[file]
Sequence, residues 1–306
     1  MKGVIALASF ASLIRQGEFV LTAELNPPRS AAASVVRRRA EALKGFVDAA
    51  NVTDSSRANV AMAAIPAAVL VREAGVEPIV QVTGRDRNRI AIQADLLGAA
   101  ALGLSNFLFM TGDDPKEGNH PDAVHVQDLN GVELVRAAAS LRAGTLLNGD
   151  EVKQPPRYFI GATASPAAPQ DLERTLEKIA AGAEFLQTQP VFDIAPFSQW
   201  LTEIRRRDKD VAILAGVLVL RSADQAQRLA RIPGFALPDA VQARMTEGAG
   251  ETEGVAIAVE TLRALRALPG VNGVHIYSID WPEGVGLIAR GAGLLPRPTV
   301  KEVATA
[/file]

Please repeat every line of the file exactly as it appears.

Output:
Sequence, residues 1–306
     1  MKGVIALASF ASLIRQGEFV LTAELNPPRS AAASVVRRRA EALKGFVDAA
    51  NVTDSSRANV AMAAIPAAVL VREAGVEPIV QVTGRDRNRI AIQADLLGAA
   101  ALGLSNFLFM TGDDPKEGNH PDAVHVQDLN GVELVRAAAS LRAGTLLNGD
   151  EVKQPPRYFI GATASPAAPQ DLERTLEKIA AGAEFLQTQP VFDIAPFSQW
   201  LTEIRRRDKD VAILAGVLVL RSADQAQRLA RIPGFALPDA VQARMTEGAG
   251  ETEGVAIAVE TLRALRALPG VNGVHIYSID WPEGVGLIAR GAGLLPRPTV
   301  KEVATA